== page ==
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To give an update:
An refrigeration engineer friend came to have a look and found the system low on refrigerant, but couldn’t find a leak. The usual culprit (the seals in the quick fittings) were not at fault. We opted to top it up and see the evolution. 2 weeks later, it’s still good. Keeping an eye on it.
I also found the fan that cools the heat sink on the compressor to be dead and replaced it. Pic attached in case you want to get spares. It’s a 24V unit but the system runs it at 12V. It’s pretty standard and costs a few dollars on Amazon.
On Thu, 24 Sep 2020 at 19:37, Mohammad Shirloo <mshirloo@...
An LED bulb will not work. You need an old style LED Diode. These have the two long pins that are usually installed on circuit boards and usually come in a red color. You could have other colors too, which is fine. You can usually find
them in electronics stores. Try reducing the RPM to 2000 and see if that helps. If it does, and the compressor starts and stays on and the fridge cools, then your compressor may be getting to the end of its life.
We just replaced the compressor under the top load refrigerator in the galley. I think all of the three compressors are the same or very similar.
Mohammad and Aty
AMEL 54 #099
Hi tried rigging one of my led saloon lights to the connection points on the controller but it didn’t show anything. I blame my rigging/understanding of the connection points. As an aside, i believe the fan attached to the metal radiator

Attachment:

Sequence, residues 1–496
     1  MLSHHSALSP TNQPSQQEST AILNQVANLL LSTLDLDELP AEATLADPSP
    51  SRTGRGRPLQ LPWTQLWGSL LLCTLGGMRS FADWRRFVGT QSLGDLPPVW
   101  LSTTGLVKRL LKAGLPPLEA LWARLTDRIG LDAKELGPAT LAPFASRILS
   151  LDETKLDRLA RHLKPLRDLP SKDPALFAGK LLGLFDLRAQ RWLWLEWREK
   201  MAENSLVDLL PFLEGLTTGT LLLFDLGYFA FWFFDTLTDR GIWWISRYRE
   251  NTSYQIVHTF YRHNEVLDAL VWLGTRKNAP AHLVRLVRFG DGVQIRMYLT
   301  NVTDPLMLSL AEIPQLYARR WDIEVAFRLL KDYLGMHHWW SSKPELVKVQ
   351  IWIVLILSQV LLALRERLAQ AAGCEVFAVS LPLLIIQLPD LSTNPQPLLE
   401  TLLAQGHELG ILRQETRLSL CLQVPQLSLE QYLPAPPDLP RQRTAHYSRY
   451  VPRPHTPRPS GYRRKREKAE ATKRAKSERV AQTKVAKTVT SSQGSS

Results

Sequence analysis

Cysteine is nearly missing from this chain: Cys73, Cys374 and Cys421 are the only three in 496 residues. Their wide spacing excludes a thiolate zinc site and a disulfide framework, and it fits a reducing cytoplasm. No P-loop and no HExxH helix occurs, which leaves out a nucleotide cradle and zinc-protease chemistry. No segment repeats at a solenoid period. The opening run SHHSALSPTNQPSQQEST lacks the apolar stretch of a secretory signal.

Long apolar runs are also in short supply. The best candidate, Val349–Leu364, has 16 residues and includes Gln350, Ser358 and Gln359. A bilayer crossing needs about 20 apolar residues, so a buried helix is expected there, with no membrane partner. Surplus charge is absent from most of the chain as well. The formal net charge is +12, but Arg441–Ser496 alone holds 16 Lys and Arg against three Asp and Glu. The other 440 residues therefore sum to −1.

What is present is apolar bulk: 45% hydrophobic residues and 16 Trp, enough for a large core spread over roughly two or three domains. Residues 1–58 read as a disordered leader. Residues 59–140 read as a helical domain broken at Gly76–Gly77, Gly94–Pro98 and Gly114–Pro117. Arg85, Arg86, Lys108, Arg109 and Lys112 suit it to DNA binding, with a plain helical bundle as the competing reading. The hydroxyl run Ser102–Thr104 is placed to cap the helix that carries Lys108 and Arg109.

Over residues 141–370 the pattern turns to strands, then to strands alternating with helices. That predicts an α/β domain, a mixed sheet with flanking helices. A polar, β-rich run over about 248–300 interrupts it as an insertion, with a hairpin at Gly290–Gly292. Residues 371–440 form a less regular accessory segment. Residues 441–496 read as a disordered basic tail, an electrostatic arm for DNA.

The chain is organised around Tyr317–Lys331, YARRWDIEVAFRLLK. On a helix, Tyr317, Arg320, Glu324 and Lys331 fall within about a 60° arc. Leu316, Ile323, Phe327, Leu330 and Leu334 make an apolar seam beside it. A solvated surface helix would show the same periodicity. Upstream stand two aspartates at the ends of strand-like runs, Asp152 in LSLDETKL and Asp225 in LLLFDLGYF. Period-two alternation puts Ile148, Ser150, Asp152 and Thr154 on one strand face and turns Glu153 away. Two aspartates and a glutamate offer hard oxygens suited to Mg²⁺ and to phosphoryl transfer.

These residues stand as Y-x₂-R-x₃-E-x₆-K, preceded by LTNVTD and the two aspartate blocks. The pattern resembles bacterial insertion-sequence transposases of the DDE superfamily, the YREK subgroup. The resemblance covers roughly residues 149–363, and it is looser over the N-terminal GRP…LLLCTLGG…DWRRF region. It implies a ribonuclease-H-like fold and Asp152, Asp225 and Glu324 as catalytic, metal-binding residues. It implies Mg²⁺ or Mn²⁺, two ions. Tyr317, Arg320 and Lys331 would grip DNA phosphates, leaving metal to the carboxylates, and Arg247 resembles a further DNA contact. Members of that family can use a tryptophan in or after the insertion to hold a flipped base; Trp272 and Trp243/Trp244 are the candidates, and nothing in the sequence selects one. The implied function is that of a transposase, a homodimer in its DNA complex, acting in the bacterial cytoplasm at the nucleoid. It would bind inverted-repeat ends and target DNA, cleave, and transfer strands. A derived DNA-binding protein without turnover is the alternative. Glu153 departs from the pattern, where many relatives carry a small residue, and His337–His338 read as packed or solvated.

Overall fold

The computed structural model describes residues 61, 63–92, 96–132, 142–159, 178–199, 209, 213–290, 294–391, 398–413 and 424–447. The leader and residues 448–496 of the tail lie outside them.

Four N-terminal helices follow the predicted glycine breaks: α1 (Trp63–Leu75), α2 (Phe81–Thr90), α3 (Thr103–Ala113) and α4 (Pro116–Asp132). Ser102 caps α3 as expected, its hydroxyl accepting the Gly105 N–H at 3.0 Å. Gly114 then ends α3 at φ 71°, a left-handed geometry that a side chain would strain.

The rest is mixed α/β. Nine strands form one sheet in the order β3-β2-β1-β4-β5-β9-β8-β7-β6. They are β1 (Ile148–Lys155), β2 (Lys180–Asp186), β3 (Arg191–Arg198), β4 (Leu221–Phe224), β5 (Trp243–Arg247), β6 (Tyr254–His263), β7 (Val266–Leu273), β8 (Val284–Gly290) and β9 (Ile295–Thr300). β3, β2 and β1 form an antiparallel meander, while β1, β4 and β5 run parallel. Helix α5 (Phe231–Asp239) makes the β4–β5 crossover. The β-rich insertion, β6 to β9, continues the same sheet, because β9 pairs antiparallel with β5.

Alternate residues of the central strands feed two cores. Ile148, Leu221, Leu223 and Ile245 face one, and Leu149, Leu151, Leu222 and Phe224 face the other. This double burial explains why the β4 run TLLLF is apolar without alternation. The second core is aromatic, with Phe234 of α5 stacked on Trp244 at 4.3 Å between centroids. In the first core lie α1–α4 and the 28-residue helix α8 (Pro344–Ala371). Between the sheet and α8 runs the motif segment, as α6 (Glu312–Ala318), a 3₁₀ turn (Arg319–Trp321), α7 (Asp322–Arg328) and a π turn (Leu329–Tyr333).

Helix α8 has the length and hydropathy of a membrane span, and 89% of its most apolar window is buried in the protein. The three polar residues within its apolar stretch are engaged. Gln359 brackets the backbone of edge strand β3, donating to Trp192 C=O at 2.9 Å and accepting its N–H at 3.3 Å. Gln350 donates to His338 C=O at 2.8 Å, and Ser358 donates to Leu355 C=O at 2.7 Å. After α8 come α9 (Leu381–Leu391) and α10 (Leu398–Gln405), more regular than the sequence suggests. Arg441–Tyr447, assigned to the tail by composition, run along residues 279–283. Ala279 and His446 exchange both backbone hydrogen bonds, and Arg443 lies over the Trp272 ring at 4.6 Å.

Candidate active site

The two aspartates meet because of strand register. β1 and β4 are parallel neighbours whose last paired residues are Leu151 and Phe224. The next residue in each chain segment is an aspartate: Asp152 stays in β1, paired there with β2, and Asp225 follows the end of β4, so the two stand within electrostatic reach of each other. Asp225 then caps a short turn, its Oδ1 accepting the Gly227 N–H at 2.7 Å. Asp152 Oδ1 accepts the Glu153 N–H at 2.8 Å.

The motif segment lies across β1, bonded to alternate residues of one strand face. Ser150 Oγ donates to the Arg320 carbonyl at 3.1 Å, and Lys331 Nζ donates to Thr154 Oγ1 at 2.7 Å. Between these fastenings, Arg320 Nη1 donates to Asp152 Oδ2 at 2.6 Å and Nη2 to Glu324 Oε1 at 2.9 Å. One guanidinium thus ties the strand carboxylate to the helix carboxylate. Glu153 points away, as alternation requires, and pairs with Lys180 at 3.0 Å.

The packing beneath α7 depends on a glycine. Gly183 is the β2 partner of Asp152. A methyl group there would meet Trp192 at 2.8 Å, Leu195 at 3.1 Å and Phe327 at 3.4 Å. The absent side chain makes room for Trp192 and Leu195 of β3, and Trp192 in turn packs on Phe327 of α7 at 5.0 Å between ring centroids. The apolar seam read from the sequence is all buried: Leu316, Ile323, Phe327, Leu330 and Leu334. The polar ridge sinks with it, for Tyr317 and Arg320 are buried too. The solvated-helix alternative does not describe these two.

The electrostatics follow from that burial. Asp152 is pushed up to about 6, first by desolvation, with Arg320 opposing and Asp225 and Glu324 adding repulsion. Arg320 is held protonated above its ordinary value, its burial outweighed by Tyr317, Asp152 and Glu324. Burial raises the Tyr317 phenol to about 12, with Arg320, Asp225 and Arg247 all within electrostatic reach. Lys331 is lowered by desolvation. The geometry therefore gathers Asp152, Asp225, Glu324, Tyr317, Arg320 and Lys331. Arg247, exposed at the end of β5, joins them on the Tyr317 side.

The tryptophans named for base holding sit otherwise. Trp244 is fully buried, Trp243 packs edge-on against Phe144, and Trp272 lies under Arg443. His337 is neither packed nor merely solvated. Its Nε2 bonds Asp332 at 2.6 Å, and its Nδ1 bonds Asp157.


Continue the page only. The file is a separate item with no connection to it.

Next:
on the compressor to be failed.
The potentiometer is set to 3000 rpm at present.
Did you replace just the compressor part, or also the evaporator? Our issue applies to the Stainless steel unit, which is our primary fridge.
On Thu, 24 Sep 2020 at 13:58, Mohammad Shirloo <mshirloo@...> wrote:
We had a similar situation last year. The controller on the compressor is equipped with an LED or a connection point that an LED can be connected to, so the unit will give you one
of 4 or 5 error codes. I do not remember exactly as it was a while ago and I do not have all of my notes in front of me.
There is also a potentiometer (variable resistor) on the board that allows for selection of the compressor RPM. In our case, reducing the RPMs from max RPM of 3500 to 2000, fixed
the issue for about a year. After that, the problem reoccurred and our investigation, along with a trusted dealer in Corfu Greece, led to the conclusion that the compressor had failed an we ended up replacing the entire unit.
Lowering the RPMs has the effect of lowering the load on the compressor. So if the compressor is marginal, it will work for a while. The effect of lower RPM on the performance of
the refrigerator, is the speed at which it cools the unit down to the desired temperature. Our unit was 11 years old at the time and we felt had provided an expected life for the product. This was the top load refrigerator in the galley that gets a lot of
Mohammad and Aty
AMEL 54 #099
Our fridge evaporator seems to be partially and intermittently cold. And the compressor runs but stops after a while. It had happened recently that the fridge stopped cooling but
after a stop and start, i heard a hissing noise near the evaporator and it worked again for a few weeks.
I searched this forum for contributions and found plenty around refilling the system with cooling gas, amongst other solutions that I will investigate.
However, I was under the impression that there was a discussion about ice crystals clogging the evaporator circuit and some filter that could be changed. I cannot find that discussion
though and may have dreamed it altogether...
Any advice on that front?